Thursday, December 12, 2013

All Aboard!?

Despite the raging success of M-Pesa in Kenya, the spread of mobile payments in neighboring countries has been more restrained. Less reliable phone networks, a different rural/urban distribution, mistrust of the technology, and even education levels have been cited as possible explanations for the comparatively subdued reception of mobile money in other parts of Africa.

When Vital Wave began working with USAID Uganda to help non-government organizations (NGOs) make bulk digital payments to trainees at health and education workshops around the country, one thing was clear: the transition from cash to digital payments had to be logical and smooth for NGO staff so they would accept the change and advocate its advantages to trainees. Vital Wave's field implementation team began by reaching out to NGOs in Kenya and Tanzania, which had started to make the transition to digital payments. Research showed that it was preferable to work with "aggregators" (companies that managed the payments process) rather than directly with network operators, and discussions with USAID, NGOs and other players pointed to concrete ways the aggregators' platforms could be upgraded to better serve NGOs. After selecting five NGOs and three aggregators in Uganda, the field team decided to test the digital payment process with NGO staff. These pre-tests would allow aggregators and NGOs to functionally test the system while fostering internal buy-in and reducing the risk of beneficiary resistance.

The program is still underway, early results are promising, and the takeaways so far are worth considering. Many well-conceived projects in developing countries are scuttled by a lack of local buy-in. This is usually clear after the project is completed, but it's the early decisions and actions that determine whether local recipients will see the benefits and work to adopt a new technology, process, or idea. In the case of digital payments, the benefits for the NGOs are not the same as the benefits for the trainee recipients. NGOs see cash payments as risky, vulnerable to fraud or theft. Trainee beneficiaries may see a text message confirming payment in a dimmer light than the warm glow of cash in the hand. Reconciling these perceptions will require the development and adoption of a much broader system of mobile money - particularly by local merchants - but for the NGOs participating in the program, learning from pioneers and turning staff into advocates are crucial early steps.

Sunday, October 13, 2013

The Good, the Bad, and the Unknown

Ekocenter. Stare at the word for a while and you still might not see the cleverly hidden moniker of one of the world's most ubiquitous brands - Coke. There it is, the first four letters staring in a mirror. Coca-Cola's CEO Muhtar Kent first described the Ekocenter initiative in January, saying it grew out of a partnership with renowned inventor Dean Kamen (of Segway fame), who created the "Slingshot" - an efficient water-purification box capable of purifying enough water for 300 people a year. An Ekocenter is a fully-contained, solar-powered, re-purposed shipping container, equipped with a Slingshot water purifier, an electrical charging station, an Internet access point, refrigerated vaccines, and a few basic necessities - all run by entrepreneurial women in remote locations around the developing world. That's the theory, anyway. The prototype can be seen in Heidelberg, South Africa, and the goal is to deploy 300 more Ekocenters to villages in 20 African and Latin American countries by 2015.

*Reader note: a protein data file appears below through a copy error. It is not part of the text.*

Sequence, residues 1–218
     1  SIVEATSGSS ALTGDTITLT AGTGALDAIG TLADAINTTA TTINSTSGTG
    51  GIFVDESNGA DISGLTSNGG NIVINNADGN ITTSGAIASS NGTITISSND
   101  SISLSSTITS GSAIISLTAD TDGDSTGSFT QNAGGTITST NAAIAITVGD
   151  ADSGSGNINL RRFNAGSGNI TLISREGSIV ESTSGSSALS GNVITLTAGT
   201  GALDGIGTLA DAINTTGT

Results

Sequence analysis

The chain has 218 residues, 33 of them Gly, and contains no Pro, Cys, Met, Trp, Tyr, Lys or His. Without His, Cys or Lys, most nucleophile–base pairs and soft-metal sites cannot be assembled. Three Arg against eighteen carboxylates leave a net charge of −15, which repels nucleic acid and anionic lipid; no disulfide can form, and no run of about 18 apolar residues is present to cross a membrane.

Coca-Cola is working with both public- and private-sector partners, including IBM, Qualcomm, IBM, McCann Health, the Inter-American Development Bank and others to develop and deliver the kiosks. The challenge, well-known by the project partners, is to find the right business model - one that offers a flexible set of tailored products and services, and enough profit to warrant rapid scale. As they fine tune their business model, Coca-Cola can draw from decades of telecenter and cybercafe projects that saw varying degrees of success. These initiatives typically had a narrower range of services - usually telephones and/or internet connectivity - and often followed a franchise model. Many succumbed to the challenges of providing training, support, and security, paying the high cost of telecommunications, or finding long-term economic buyers after the start-up support dried up.

Ekocenters will undoubtedly benefit from the mother company's world-beating distribution system, deep pockets, and the seemingly genuine support of top management. But it's one thing to drop off a case of Coke 500 miles north of Timbuktu, quite another to supply, train, support and protect a scarcely educated woman running the franchise with your logo on it. Coca-Cola and its partners bring enough assets to the Ekocenter initiative to have a fighting chance of success, but finding the right business model is only the first step. The second, third, and fourth step (and every step thereafter) will be committing to that model through ongoing investment, evaluation, improvement, and scale. 

Friday, September 20, 2013

A Data Bridge over the Digital Divide